22:20 - Richard Seltzer     (Re: 22:19 - Torrey Philemon 'There was an Artemisia active in the Peloponesian war. I...')
       What side did she fight on? And was that early in the war (so it would appear in Thucidydes) or late (so it would appear in Xenophon)?
22:20 - Richard Seltzer     (Re: 22:20 - Torrey Philemon 'I looked her up when I was creating a web...')
       Okay, I should do a search :-)
22:20 - ZoeXanthippos
       Ah yes! Artemisia was a queen in Halicarnassus, a Persian vassal state. She alone warned Xerxes that he shouldn't engage the Greeks in a naval battle
22:20 - Torrey Philemon
       I don't remember the details Richard but I saved information somewhere. Can send to you later.
22:21 - Myrrhine Philemon
       The reference to Adonis is on around line 400 I think (my translation doesn't have individual line numbers)
22:21 - Torrey Philemon
       Great memory, Zoe!
22:21 - ZoeXanthippos
       Artemisia was so successful on the sea that the Athenians offered a prize of 10,000 drachma to any who captured her - not necessarily alive,
22:21 - Torrey Philemon
       Interesting about the Adonis festival, Myrrhine. There did seem to be a number of women-only rituals.
22:21 - Richard Seltzer     (Re: 22:20 - Torrey Philemon 'I don't remember the details Richard but I saved information...')
       Thanks. It's funny that I picked that name at random for a character in my novel (giving a name to the nameless concubine of Menelaus who was the mother of his son and heir Megapenthes). It would be even more plausible as a name if the historical Artemisia was from Sparta.
22:22 - ZoeXanthippos
       (not my memory, Torrey - I wrote a post on her and I knew where it was - I cheated *g*)
22:22 - Torrey Philemon
       Great computer organization, Zoe <-:
22:22 - Richard Seltzer     (Re: 22:21 - ZoeXanthippos 'Artemisia was so successful on the sea that the Athenians...')
       Thanks. I'll definitely have to look her up.
22:22 - ZoeXanthippos
       It appears to me that women in Athens became very religious, even if they had no natural inclination for it, just to get out of the house.
22:22 - Torrey Philemon
       There was another Greek Artemisia too Richard - you'd have to search for her background.
22:23 - ZoeXanthippos     (Re: 22:22 - Torrey Philemon 'Great computer organization, Zoe <-:...')
       that's me, the file cabinet
22:23 - Myrrhine Philemon
       I get that sense as well Torrey - everything i read about daily life tells me they were locked up at home, but then everything I read about the festivals shows full participation *G*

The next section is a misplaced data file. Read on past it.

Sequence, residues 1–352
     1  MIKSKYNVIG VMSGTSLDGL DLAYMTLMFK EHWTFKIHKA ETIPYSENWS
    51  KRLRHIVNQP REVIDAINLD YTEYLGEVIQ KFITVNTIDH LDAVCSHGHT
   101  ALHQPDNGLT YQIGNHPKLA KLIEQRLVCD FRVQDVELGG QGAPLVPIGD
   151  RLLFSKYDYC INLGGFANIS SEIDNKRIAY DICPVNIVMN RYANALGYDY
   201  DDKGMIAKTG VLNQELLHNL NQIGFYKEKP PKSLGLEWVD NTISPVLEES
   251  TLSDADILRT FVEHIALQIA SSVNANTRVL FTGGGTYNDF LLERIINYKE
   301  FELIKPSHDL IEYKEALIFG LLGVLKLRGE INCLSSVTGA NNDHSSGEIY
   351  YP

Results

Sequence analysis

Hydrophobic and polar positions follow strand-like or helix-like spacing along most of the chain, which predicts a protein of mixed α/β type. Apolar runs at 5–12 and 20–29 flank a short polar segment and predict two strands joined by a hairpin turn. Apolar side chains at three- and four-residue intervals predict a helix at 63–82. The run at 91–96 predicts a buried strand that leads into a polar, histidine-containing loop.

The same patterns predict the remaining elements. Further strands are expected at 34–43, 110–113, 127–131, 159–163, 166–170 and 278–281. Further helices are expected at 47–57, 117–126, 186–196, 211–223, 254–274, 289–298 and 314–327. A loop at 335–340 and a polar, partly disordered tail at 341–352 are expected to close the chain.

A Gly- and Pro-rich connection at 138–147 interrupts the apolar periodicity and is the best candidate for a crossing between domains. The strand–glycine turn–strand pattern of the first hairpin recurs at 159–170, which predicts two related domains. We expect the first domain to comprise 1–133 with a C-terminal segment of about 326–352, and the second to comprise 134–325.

22:24 - Myrrhine Philemon
       oops sorry ... that should have been to Zoe *G* I'll have to learn to click these time stamps!
22:24 - Richard Seltzer
       Personal reaction -- the best part of the play is the basic premise. That's brilliant. The execution comes across as okay but not great (perhaps a fault of terrible translations; also a fault of reading it instead of seeing a good production). Other reactions? It feels like you could easily summarize the main idea in a paragraph and with that paragraph you would have said everything that's memorable about it. The characters and particular situations are not particularly memorable...
22:24 - Torrey Philemon
       I found a site that sells classical videos and bought one on women on ancient Greece which arrived yesterday. It's fantastically informative. Only watched half of it but can send you more info in the future if you want. It's called Pandora's Box, The Roles of Women in Ancient Greece and is lecture by Dr.Ellen Reeder.
22:25 - ZoeXanthippos
       (back to the Phallus costume) I found today that the word comedy comes from the Greek komos and "is a communal ritual carouse: on a small scale it is the ancient equivalent of party-crashing and bar-hopping rolled into one, but as part of a communal festival of Dionysus it recalls modern carnivals such as that of Mardi gras (although the ancient rites were usually more carefully scripted and ordered) a time when normal social rules and inhibitions are cast aside and people party in the streets, singing, dancing, and (often) drinking. The ancient komos often involved masks and costumes, as does Mardi gras, but was marked by another practice foreign to most festivals in modern North America: aischrologia or the ritual abuse of individuals. Another distinctive feature, found in many Dionysiac rites and no doubt in some komoi, was the phallos: an imitation penis, often too large for one person to lift with ease, carried on a pole or cart."